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Glacial mass balance 2003-2016 on Mount Rainier

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Author(s): Jon L. Riedel, Michael Larrabee

Document Type: Presentation #23-2
Publisher: Geological Society of America Abstracts with Programs
Published Year: 2017
Volume: 49
Number: 6
DOI Identifier: 10.1130/abs/2017AM-302746
ISBN Identifier:

Glaciers are sensitive indicators of climate change and important drivers of aquatic and terrestrial ecosystems. They are a defining feature of Mount Rainier; as of 2015 there were 29 major glaciers on Mount Rainier with a combined area of 78.8 km2 and numerous unnamed permanent snow or ice patches. Since 2003, the National Park Service (NPS) has monitored the seasonal mass balance changes of Emmons Glacier (11.0 km2) and Nisqually glacier complex (6.6 km2) glaciers. Methods are standardized with other national parks in the region, the USGS Benchmark Glacier Program, and globally. Over the period of record, Nisqually and Emmons glaciers have negative cumulative mass balances of -11.69 (±10.81) and -13.20 (±7.86) m water equivalent, respectively. Approximately 27 percent of these two glaciers are covered by debris, largely below the equilibrium line altitude. The insulative effect of the debris cover suppresses melt by approximately 30 percent when compared to debris-free locations at similar elevations.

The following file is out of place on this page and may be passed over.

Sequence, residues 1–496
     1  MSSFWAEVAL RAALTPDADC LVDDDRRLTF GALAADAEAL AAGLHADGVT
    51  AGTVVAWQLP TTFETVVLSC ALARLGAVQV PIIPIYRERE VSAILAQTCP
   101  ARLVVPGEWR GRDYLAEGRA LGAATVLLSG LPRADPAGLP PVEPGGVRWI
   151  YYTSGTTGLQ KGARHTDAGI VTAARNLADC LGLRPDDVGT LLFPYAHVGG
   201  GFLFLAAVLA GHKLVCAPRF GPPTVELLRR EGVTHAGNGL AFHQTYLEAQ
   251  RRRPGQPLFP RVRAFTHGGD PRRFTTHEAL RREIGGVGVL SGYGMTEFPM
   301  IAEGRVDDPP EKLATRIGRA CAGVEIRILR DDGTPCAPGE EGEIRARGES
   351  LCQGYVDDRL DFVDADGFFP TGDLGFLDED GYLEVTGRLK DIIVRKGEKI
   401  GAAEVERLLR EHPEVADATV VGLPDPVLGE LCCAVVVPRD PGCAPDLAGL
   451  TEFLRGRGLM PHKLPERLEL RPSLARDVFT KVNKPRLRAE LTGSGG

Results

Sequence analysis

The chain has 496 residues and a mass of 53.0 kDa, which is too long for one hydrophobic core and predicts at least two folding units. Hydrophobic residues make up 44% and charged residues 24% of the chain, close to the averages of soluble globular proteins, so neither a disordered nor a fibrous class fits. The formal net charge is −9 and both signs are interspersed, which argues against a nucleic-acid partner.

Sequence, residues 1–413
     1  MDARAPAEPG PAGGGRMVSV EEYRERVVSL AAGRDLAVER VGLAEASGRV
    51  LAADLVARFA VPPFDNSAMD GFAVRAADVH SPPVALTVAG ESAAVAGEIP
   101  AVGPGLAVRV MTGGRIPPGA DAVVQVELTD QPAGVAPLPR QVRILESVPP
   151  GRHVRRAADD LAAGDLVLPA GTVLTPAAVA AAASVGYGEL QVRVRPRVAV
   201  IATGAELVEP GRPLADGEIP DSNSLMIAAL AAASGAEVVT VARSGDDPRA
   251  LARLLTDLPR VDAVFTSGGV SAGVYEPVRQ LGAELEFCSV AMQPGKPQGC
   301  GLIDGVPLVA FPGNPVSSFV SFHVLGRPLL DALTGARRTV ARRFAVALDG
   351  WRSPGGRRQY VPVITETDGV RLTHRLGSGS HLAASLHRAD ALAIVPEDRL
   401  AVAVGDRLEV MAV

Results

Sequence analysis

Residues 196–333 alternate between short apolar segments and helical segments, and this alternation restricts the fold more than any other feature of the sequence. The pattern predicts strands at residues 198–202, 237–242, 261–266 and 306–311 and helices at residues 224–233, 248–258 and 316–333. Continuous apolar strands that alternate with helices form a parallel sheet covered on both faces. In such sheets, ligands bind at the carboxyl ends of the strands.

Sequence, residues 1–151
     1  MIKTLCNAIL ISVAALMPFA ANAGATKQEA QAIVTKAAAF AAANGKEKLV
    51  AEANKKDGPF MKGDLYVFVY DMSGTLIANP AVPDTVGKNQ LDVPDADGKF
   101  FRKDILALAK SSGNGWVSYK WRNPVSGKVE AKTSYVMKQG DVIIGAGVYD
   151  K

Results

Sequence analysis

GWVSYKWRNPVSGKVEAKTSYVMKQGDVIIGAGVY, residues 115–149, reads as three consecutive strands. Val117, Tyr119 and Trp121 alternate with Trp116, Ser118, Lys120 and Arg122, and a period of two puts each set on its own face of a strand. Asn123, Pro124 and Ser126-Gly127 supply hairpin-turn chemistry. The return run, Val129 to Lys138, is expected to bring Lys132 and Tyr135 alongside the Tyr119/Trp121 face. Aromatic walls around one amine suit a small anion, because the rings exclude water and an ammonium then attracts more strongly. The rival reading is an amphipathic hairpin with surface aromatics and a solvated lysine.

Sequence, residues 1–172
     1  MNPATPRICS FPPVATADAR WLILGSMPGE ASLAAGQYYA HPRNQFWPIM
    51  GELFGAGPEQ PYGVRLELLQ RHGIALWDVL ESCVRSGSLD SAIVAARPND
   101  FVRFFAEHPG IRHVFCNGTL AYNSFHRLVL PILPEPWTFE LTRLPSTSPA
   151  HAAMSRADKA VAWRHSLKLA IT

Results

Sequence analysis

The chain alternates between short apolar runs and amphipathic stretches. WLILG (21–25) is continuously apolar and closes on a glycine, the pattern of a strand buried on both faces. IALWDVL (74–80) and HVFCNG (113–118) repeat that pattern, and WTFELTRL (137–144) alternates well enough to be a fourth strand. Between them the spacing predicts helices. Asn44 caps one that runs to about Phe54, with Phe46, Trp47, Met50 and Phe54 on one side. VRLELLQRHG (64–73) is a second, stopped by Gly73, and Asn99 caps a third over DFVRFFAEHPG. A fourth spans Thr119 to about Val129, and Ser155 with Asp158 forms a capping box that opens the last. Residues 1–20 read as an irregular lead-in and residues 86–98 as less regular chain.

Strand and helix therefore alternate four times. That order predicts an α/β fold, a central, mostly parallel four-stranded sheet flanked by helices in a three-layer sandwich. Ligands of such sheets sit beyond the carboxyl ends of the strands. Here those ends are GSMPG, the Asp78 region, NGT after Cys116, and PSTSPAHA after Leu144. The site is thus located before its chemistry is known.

Measurement uncertainty is greater at Mount Rainier compared to other glaciers monitored by the NPS. Measurement of mass balance at Mount Rainier is complicated by steep, often inaccessible ice falls, significant redistribution of snow by wind, debris cover, geothermal activity, and a 2900 m range in elevation. With the large vertical extent, glacial melt typically begins at the terminus in April and does not begin above 3000 m until July. New methodologies, including generation of elevational models from satellite imagery, are being applied to refine mass balance measurements.

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Suggested Citations:
In Text Citation:
Riedel and Larrabee (2017) or (Riedel and Larrabee, 2017)

References Citation:
Riedel, J.L. and M. Larrabee, 2017, Glacial mass balance 2003-2016 on Mount Rainier: Presentation #23-2, Geological Society of America Abstracts with Programs, Vol. 49, No. 6, doi: 10.1130/abs/2017AM-302746.